The Burden of Sympathy – How Families Cope With Mental Illness

    By David A Karp.

    Oxford University Press

    Price: £19.99

    ISBN: 0 19 512315 8

    “The hardest part of caregiving is not knowing whether what you
    are doing is right or wrong”. So says one of the many caregivers
    quoted in this book, giving a flavour of the difficulties
    elucidated within.

    David Karp is an American professor of sociology who has turned
    his attention to the dilemmas of family caregivers where there is
    mental illness in the family, especially schizophrenia and manic or
    severe depression.

    The core questions in this book concern the moral obligations
    that family members may feel, including what we may owe each other;
    what the moral boundaries of family relationships are; and what are
    the limits of sympathy. Through a series of interviews he addresses
    the issue of how people come to understand the nature of their
    obligations, and the responses provide a very moving account of the
    difficulties.

    Through reading this work it became clearer than ever how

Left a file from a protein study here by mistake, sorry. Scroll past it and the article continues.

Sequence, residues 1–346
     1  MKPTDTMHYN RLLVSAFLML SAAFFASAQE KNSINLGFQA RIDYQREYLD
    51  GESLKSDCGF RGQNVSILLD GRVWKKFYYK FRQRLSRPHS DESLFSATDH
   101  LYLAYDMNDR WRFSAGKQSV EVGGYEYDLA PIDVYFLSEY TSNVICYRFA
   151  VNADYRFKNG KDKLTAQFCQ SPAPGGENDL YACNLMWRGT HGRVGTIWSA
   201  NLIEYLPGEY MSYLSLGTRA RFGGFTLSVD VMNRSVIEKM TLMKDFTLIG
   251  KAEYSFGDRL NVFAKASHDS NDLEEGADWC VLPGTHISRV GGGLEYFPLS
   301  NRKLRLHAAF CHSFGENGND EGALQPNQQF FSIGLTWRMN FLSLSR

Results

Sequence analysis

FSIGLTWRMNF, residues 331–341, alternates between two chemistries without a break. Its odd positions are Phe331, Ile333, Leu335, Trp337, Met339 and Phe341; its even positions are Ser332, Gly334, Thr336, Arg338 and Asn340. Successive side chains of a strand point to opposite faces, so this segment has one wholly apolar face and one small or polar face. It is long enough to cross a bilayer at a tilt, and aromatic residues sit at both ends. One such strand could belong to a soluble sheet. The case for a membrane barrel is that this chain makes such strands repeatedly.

care-givers are faced with the task of constructing their own
    understanding of mental illness, and formulate an understanding of
    how it comes about. This includes that most difficult of
    quandaries: “Am I in some way responsible for this person’s mental
    illness?”

    Karp classifies family responses into four sections which he
    calls “the four Cs” namely cause, cure, control and coping. In each
    section we see how the affect of mental illness on a family is a
    process that has deep ramifications all round.

    The last two chapters are called “Surviving the System” and
    “Caring in Post Modern America”. These reveal how very American
    this book is, but the themes are applicable to a British
    readership.

    The way in which Karp combines analysis with empathy makes this
    a difficult story told with great respect. This is a compassionate
    book and should be read by all those touched by mental illness
    within the family.

    Ged Smith is senior mental health practitioner, Royal
    Liverpool NHS Trust.

     

     

     

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